By Sara Patterson
Arkansas Baptist News
Service, curiosity and fulfillment mark the life of Jon Blaylock, a member at Park Hill Baptist Church, North Little Rock, Arkansas, and a volunteer for the International Friendship Outreach.
With locations in Little Rock, Conway, Russellville and Fort Smith, the IFO helps international students by providing transportation starting from the initial airport pick-up, temporarily hosting students between semesters, giving apartment furniture and appliances and organizing opportunities for friendships to grow between internationals and Americans.
Blaylock began volunteering with the IFO in 2015 by hosting two international students in his home. It was through this experience that Blaylock realized food is a valuable tool for bonding between cultures.
“At that time I was under the impression that people wouldn’t want me to make their food. They don’t want some bad version of their home food when they go to a new country,” Blaylock said.
With this doubt still in his mind, Blaylock attempted to make a recipe for the students he was hosting and found it to be a success. This sparked Blaylock’s passion for what he calls culinary missions.
“That started my journey … people actually do want you to make their food, it’s really special to them. There’s a lot of people who don’t know how to cook their own food so anything that’s close to home, a bad version of their own food from home, is amazing,” Blaylock said.
Along with cooking, moving furniture is a focal part of Blaylock’s service.
“My focus is on the basic needs like trying to make sure they have a couch and a bed,” Blaylock said, “When I get to a place, I want to be able to sit down, and I want to be able to sleep at night, and I want to be able to eat something I can eat. We really need that stuff. I try to make sure people are not struggling with that stuff.”
Over the years, furniture has been passed down by the international students to those who come after them.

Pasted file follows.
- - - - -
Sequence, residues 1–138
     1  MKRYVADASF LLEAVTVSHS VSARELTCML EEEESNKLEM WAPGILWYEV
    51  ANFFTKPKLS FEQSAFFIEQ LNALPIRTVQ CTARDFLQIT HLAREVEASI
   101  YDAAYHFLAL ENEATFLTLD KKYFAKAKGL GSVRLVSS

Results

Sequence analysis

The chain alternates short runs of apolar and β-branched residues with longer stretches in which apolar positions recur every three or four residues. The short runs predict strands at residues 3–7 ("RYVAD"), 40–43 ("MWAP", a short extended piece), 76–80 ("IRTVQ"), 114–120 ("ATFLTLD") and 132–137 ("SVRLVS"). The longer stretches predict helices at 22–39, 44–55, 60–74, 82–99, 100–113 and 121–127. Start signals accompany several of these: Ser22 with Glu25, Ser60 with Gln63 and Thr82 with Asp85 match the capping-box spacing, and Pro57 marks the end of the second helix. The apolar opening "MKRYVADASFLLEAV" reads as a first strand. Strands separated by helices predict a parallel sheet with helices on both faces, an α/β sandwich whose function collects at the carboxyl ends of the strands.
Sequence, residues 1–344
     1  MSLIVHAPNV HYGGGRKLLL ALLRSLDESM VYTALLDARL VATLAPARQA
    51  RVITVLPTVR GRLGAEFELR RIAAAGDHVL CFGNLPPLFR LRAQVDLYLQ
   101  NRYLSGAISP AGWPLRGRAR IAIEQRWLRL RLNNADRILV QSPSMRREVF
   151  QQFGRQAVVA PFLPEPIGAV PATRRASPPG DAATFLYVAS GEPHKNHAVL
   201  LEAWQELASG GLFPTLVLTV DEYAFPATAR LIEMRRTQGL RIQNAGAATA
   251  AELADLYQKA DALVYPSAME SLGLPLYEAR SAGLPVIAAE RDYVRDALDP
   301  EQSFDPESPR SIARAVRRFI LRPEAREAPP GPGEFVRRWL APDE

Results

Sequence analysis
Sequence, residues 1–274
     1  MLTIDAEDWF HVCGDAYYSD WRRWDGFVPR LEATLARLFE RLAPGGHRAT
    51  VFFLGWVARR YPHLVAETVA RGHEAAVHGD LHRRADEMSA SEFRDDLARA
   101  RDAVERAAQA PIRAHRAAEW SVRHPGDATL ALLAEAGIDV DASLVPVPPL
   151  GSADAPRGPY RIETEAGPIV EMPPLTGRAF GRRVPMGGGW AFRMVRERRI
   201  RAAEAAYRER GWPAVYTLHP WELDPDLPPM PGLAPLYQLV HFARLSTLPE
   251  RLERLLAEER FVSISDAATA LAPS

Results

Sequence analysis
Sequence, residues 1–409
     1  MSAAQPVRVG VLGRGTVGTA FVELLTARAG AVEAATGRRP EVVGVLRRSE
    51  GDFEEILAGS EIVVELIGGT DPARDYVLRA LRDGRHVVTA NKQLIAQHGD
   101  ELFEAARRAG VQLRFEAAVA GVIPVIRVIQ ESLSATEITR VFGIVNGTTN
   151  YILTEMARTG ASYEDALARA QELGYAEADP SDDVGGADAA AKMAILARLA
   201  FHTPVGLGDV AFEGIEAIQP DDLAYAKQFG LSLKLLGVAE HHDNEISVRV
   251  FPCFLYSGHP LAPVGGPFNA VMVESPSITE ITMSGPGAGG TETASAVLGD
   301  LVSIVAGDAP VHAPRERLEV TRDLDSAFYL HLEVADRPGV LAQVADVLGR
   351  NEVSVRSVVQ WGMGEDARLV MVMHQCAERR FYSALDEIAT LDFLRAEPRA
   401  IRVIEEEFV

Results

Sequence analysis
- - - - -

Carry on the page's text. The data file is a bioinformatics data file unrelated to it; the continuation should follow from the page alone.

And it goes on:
“We have all these students who have furniture so when they move, they offer it back for free in the group. It’s kind of a beautiful thing, that’s kind of one of the great stories I would say is when the students see what we’re doing and they begin to contribute back to it, either while they’re here or when they leave. That’s a great thing,” Blaylock said.
Blaylock has learned that providing for the students’ basic needs naturally leads to satisfying their deeper needs. Once the students are comfortable in their new life, they become more comfortable with meeting new people.
“I want them to still live the way they live but us to be able to share that together. I share the way we live with them as well. Make those connections, open those doors,” Blaylock said.
Seventy-five percent of international students never go inside an American’s home while in America. IFO volunteers respond to this disparity by finding intentional ways to show hospitality.
“If we’re going to show them the Christian life … come to our house. That’s one of the best places for us to share with them,” Blaylock said.
While Blaylock has met and served numerous international students from vastly different countries, his global experience actually makes the world feel smaller.
“To me, learning all these things, all the experiences, it really makes the world a smaller place,” Blaylock said.
From many years helping international students, Blaylock has gleaned unexpected blessings. He often finds that not-so-coincidental coincidences occur when he is doing IFO work.
“It’s like everything in life you could think of that could happen, all the little things that happen, they just work together all the time. To me, it just really makes me tick. This is not work for me because it is such a huge blessing,” Blaylock said.
One of the frequent coincidences Blaylock encounters occurs when he helps international students move into their apartments. Much of the time, a student will need the exact type of furniture that another student is getting rid of on that same day. These overlaps don’t just make Blaylock’s tasks more convenient, they ultimately affirm God’s hand in his service.
Blaylock’s volunteer story is only one of many. There are numerous ways that Americans can use their individual gifts and interests to serve with the IFO.
“You really can do whatever you want to do. It’s not like we have five things we do, and you can pick one of those five and do it. I want everybody to feel encouraged to try something, whatever it is, and they’ll probably find something they’re comfortable with, and there will probably be something that they never thought was important… that would be very meaningful to someone else,” Blaylock said.
“People want to know us and know what we believe more. Sometimes they want to try to win us and I’m comfortable with that, I understand that. For anybody who gets involved, it’s going to be a journey. I definitely think people have a lot to offer that they don’t realize,” Blaylock said.
EDITOR’S NOTE — This article was originally published by Arkansas Baptist News. To read more articles like this on Arkansas Baptists, visit arkansasbaptist.org. This article also appears in TAB News, a digital regional Baptist publication. For more information or to subscribe to the TAB News app, visit tabonline.org/TAB-News-app.
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